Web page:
Christmastime is magical at Tryon Palace, the Georgian-style palace in historic New Bern, N.C., gracing the November/December issue of American Spirit, the magazine we publish for the Daughters of the American Revolution.
Once known as the finest public building in the Colonies, the palace, which was built around 1770 as the royal governor’s home and North Carolina’s first permanent capitol, hasn’t always been so radiant. It was reduced to ruins, until local preservationists launched a campaign to resurrect it. Thanks to their tenacity and the discovery of the original architect’s plans, the palace still enchants the public today, 50 years after its restoration.
If you’re like me, addressing the stack of holiday cards is a looming item on your to-do list. Have you ever wondered how this tradition of exchanging holiday greetings got started? This issue traces the history of the Christmas card in America, from its beginnings as an artistic letter decorated by schoolchildren to its thriving modern-day incarnation. Hand-delivered greeting cards made their debut in the early 1800s, but they didn’t catch on in the United States until Christmas became a legal holiday in 1870. Thanks to artist Louis Prang, the father of the American Christmas card, these mementos grew more popular than ever and spurred the greeting card tradition that thrives today.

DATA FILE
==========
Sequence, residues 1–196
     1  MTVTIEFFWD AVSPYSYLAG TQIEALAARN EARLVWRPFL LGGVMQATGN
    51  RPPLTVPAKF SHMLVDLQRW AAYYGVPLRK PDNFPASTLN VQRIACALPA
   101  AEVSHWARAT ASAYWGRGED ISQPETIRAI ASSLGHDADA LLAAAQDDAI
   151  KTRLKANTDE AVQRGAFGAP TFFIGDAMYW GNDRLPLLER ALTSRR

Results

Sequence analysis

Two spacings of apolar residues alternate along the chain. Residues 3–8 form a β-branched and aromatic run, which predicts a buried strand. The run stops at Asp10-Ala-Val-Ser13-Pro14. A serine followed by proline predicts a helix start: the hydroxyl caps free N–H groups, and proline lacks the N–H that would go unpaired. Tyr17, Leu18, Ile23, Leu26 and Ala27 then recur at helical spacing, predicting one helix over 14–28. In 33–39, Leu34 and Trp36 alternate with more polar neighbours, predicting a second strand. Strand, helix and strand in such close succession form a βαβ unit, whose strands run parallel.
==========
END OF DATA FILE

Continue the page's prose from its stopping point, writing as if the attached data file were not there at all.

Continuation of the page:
We also feature two members of the DAR who have devoted their lives to serving our nation’s soldiers at home and abroad. You can read about Commander Barbara Ellen Miller and Dorothy “Dottie” Busby Wainwright here. We salute them, along with all of the brave men and women of our armed forces, especially those serving away from their families this holiday season.